Six Colors
Six Colors

by Jason Snell & Dan Moren

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Users are turning around on Apple Maps

Writing at the Wall Street Journal, Ann-Marie Alcántara reports that the tide is turning on Apple Maps (Apple News link):

The biggest competitive advantage Apple Maps has over Google is its deeper integration in the iPhone. Any iOS service that requires directions—from finding restaurants in Yelp to locating AirTags in Find My—uses Apple Maps. Users can’t change that.

“People are inherently lazy and form habits around default options,” says Peter Ramsey, a user-experience consultant who has written about design differences between Apple and Google Maps. “For a long time Apple Maps was so bad that people proactively switched to Google Maps, but as the experience of Apple Maps improved, there was less incentive to make that default-breaking action.”

I’ve used Apple Maps more and more in recent years, and in my opinion, though it’s not perfect, it’s often on par with Google Maps in terms of how often I get bad directions. There are still some improvements to be made (traffic indications are good, for example, but not as good as Google Maps, and cycling directions still don’t see the bike path near my house), but I’m generally pretty happy with it, and in some cases—such as transit maps—I vastly prefer it.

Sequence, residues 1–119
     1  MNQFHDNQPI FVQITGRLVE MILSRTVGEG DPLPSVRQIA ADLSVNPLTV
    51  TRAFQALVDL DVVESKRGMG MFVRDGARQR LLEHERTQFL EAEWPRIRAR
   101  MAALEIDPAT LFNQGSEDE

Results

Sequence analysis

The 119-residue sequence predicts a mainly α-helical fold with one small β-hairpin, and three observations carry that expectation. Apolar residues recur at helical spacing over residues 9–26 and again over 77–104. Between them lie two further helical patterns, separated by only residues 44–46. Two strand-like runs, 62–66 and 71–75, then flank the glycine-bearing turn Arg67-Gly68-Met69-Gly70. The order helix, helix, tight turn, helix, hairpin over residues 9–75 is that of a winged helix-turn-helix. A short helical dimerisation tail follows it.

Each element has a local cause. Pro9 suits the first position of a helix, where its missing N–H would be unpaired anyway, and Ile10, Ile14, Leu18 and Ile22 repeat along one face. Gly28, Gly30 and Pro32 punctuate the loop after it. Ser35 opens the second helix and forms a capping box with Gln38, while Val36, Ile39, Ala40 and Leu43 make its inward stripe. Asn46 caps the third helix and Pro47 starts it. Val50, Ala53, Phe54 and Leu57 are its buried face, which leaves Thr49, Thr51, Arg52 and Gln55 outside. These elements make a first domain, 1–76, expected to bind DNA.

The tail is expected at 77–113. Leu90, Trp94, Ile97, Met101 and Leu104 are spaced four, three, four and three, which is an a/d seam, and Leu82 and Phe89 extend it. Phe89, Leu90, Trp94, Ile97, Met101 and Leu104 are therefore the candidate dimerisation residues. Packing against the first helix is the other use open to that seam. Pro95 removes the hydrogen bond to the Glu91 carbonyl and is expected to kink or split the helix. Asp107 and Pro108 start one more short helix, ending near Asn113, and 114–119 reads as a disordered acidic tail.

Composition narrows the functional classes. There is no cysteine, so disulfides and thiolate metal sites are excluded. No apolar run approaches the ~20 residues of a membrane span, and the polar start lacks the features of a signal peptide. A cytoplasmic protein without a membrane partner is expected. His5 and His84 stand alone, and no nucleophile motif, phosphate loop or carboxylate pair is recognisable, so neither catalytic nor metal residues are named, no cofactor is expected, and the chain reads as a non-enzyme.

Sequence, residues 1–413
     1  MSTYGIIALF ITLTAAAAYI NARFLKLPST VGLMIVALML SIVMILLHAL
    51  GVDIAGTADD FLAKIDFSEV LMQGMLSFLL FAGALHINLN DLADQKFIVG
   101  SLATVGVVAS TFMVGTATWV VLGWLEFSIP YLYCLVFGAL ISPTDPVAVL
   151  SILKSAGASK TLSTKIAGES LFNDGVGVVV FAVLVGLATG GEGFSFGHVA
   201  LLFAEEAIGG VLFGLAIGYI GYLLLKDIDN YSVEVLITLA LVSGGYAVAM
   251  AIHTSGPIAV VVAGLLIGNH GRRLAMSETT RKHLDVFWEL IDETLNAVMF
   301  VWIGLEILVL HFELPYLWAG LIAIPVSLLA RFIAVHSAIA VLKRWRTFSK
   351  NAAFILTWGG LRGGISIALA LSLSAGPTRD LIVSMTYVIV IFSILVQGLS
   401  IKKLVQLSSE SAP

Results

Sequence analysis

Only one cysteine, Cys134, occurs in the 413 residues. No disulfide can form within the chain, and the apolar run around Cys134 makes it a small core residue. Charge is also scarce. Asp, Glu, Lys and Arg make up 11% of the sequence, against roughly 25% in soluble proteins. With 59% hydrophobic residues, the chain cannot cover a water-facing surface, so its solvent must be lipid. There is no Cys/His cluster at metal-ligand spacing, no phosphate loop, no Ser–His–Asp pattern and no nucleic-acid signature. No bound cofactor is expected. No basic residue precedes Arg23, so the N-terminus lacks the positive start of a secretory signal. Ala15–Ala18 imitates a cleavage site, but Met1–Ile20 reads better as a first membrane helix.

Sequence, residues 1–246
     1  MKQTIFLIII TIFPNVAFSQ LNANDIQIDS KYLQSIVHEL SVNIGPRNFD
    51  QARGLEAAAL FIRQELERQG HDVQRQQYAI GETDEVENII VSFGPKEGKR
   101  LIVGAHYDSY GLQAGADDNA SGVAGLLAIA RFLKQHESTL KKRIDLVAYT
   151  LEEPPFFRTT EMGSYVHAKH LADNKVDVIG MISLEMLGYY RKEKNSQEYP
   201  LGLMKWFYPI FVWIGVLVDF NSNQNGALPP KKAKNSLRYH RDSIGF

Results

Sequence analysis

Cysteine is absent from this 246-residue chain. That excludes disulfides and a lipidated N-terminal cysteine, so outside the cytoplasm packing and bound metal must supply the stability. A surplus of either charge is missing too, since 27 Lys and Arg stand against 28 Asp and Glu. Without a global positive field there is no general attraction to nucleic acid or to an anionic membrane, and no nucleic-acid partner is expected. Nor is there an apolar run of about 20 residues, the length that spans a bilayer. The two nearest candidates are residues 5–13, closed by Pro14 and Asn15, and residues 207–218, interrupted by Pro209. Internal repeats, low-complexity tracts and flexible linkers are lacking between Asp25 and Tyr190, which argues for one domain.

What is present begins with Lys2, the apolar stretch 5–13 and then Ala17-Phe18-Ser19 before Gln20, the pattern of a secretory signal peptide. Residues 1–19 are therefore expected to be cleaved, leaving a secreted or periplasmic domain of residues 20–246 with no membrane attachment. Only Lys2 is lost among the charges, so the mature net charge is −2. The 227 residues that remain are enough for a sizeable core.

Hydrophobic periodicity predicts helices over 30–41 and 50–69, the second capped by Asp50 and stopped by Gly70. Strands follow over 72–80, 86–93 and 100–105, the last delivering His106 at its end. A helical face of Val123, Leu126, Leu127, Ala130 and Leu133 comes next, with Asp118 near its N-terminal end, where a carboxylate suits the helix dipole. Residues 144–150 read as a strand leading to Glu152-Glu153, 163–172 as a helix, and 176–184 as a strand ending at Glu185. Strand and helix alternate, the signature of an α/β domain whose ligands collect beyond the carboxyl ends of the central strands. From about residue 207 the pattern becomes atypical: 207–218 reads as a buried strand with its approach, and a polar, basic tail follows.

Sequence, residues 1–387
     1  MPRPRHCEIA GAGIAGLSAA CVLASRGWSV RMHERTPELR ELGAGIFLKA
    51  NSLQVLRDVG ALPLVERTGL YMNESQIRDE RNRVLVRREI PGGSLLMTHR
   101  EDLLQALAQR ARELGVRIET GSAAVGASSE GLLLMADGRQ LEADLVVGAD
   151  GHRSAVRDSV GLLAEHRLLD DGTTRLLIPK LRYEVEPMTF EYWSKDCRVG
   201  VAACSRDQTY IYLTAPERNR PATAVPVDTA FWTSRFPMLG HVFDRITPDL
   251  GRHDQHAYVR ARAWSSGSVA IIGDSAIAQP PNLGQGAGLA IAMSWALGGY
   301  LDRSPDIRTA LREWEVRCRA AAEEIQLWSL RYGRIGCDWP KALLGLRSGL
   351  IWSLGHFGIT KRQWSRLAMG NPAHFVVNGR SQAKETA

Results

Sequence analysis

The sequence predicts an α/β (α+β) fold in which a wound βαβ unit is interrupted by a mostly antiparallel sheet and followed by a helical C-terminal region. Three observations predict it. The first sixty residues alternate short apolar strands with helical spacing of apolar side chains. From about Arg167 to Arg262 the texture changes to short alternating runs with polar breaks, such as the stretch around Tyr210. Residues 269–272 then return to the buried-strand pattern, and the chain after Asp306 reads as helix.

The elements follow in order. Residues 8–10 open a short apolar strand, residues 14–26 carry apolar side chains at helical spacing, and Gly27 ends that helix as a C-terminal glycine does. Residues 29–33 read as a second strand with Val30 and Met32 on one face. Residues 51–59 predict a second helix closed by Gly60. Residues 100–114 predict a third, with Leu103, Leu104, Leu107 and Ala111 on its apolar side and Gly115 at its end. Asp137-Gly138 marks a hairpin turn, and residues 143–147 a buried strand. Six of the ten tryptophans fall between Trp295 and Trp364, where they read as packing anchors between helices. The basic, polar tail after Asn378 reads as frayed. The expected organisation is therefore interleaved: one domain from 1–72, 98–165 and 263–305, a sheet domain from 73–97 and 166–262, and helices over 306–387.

This year’s platform updates bring a decent number of Maps improvements, including offline maps, that continue to make it a worthy competitor to Google Maps. After more than a decade of cheap shots, it does feel a bit like Apple Maps is still being judged for its failures on launch, rather than the product it is today.

—Linked by Dan Moren

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